On Dec. 25, 1940, The New York Times editorialized: “If the Pope [Pius XII] in his Christmas message had intended to condemn Hitler's system, he could not have done it more effectively than by describing the ‘moral order’ which must govern human society. The Pontiff pointed out that the foundation of the moral order is trust, ‘Fidelity in the observance of pacts.’ Without trust — and this war has demonstrated the truth of his words — the coexistence of powerful and weak peoples is impossible. The moral order cannot be based on hatred, on the principle that ‘might makes right,’ on ‘economic maladjustment,’ on ‘the spirit of cold egoism,’ which leads to the violation of the sovereignty of states and the liberty of their citizens. The moral order, in a word, is in complete contradiction to Hitler's order.”

Pius XII wrote his first encyclical in 1939. The Jewish Telegraphic Agency in New York reported (Oct. 27, 1939): “The unqualified condemnation which Pope Pius XII heaped on totalitarian, racist and materialistic theories of government in his encyclical, Summi Pontificatus, caused a profound stir. … Few observers had expected so outspoken a document.” The New York Times printed the entire encyclical which clearly condemned racism and totalitarianism.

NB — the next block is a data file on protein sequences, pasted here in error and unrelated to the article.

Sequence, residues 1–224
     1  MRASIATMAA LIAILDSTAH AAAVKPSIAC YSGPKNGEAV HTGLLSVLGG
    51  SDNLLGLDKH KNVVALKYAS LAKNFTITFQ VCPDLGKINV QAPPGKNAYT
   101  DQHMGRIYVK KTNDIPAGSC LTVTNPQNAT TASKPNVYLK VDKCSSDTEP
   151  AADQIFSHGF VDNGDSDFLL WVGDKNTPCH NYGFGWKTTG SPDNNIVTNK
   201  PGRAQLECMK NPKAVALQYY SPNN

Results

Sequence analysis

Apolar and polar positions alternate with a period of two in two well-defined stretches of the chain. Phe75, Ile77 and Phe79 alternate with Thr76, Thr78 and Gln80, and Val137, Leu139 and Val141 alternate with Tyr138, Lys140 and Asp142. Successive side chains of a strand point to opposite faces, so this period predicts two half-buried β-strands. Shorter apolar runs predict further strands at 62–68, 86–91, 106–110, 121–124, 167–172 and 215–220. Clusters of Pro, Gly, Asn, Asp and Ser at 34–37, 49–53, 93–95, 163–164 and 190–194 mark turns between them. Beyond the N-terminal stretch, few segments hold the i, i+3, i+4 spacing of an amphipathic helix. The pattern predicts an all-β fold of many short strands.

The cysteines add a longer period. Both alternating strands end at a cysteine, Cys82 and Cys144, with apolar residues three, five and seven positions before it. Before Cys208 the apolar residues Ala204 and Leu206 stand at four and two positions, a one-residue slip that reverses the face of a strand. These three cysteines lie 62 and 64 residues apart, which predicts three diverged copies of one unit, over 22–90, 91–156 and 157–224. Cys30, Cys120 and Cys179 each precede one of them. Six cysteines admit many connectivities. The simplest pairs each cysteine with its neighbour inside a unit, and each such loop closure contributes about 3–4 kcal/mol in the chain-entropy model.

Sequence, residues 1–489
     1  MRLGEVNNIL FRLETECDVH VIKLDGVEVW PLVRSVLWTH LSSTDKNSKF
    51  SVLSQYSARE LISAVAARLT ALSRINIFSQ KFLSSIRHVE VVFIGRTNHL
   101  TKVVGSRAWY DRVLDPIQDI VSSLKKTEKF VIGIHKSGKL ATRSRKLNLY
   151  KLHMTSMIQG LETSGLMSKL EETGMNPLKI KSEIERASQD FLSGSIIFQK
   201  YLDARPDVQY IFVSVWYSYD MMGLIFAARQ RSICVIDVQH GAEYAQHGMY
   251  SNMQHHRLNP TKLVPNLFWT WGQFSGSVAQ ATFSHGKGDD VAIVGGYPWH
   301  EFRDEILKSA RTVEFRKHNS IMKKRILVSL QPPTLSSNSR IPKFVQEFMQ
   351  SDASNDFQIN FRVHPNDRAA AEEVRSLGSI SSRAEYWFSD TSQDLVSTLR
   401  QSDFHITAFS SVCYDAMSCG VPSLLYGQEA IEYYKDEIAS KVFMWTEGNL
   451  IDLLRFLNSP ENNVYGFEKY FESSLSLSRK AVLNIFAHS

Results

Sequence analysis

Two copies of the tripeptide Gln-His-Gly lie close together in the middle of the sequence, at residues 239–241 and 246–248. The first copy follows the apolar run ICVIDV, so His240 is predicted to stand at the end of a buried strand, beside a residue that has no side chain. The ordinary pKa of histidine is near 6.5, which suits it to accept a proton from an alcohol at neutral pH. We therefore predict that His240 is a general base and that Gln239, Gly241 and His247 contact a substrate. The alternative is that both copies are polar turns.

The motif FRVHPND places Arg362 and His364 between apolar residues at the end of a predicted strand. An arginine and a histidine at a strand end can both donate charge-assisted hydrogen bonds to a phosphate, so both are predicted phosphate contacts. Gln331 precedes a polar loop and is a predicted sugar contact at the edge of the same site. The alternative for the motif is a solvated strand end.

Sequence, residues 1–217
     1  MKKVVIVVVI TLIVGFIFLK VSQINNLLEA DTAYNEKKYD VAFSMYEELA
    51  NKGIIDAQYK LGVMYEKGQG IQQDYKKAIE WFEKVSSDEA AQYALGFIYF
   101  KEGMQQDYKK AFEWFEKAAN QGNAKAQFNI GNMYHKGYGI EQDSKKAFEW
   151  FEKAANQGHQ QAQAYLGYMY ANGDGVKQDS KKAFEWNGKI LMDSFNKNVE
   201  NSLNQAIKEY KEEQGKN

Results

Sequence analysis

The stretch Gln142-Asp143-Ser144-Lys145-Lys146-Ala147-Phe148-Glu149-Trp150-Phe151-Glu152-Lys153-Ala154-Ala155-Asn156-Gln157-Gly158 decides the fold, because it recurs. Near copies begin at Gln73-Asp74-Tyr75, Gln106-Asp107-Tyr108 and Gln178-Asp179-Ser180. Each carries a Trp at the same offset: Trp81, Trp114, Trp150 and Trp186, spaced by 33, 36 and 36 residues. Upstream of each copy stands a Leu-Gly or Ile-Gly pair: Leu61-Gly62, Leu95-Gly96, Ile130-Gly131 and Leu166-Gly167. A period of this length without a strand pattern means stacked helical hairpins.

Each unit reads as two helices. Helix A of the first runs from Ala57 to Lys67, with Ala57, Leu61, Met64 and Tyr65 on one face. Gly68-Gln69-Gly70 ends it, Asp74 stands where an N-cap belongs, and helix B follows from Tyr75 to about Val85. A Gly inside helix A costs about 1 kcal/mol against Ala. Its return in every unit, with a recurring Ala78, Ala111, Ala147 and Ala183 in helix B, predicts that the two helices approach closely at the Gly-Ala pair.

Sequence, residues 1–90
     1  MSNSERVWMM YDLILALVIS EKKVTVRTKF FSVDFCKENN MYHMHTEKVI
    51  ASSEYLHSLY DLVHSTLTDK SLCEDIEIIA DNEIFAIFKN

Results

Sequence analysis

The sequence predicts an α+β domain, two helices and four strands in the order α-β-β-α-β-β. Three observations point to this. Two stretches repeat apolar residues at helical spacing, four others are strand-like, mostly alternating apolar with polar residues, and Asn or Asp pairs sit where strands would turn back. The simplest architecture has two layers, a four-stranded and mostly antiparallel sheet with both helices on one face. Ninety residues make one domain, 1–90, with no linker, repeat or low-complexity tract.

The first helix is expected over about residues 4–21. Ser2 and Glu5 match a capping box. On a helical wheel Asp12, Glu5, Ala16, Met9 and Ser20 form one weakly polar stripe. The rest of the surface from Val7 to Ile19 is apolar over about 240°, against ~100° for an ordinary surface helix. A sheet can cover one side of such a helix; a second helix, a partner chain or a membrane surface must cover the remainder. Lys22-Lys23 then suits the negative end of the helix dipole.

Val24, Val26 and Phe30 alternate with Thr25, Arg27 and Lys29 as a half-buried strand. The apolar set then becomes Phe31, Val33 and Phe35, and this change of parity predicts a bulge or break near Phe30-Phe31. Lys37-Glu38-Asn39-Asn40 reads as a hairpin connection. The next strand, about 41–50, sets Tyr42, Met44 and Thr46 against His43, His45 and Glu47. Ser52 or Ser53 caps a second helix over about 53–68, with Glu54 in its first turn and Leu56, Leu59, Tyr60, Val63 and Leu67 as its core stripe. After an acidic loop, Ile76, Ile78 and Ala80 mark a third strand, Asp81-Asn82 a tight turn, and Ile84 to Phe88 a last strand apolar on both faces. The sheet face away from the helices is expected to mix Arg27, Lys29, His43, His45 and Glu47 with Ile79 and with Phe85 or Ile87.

Its reporter Anne O'Hare McCormick wrote: “The Bishops have taken the unusual step of circulating among the people the official protest they have addressed to the Government. … This confirms that the Catholic Church has followed the Jews as the scapegoat of the Nazis” (June 10, 1942).

Michael Tagliacozzo, a Jewish historian and eyewitness, wrote: “Pope Pacelli was the only one who intervened to impede the deportation of Jews on Oct. 16, 1943, and he did very much to hide and save thousands of us. It was no small matter that he ordered the opening of cloistered convents. Without him, many of our own would not be alive.”

Throughout World War II, Pius XII continually condemned Nazi policies. He so provoked the Nazis that they called him “a mouthpiece of the Jewish war criminals.”

All experts who witnessed that era agree that, if Pius XII had stridently attacked the Nazi leaders, more lives would have been lost. Robert Kempner, the American deputy chief of the Nuremberg war crimes tribunal stated: “All the arguments and writings eventually used by the Catholic Church only provoked suicide; the execution of Jews was followed by that of Catholic priests.”

Catholics were engaged in the greatest Christian rescue program in the history of Catholicism. Beyond doubt, Pius XII was a diplomat who steered a careful course through chaos. His many acts of mercy speak for themselves.

There is a current campaign underway to vilify Pope Pius XII, to divide Catholics, and to undermine papal authority. Catholics must confront the unjust and vindictive attacks on Pius XII, aimed at eventually silencing the strong moral voice of the Church in the person of the vicar of Christ, Benedict XVI.

By what right do some critics discount the testimonials of survivors and rescuers?

Religious Teachers Fillipini Sister Margherita Marchione, Ph.D., has written more than 50 books. She lectures widely in North America and Europe.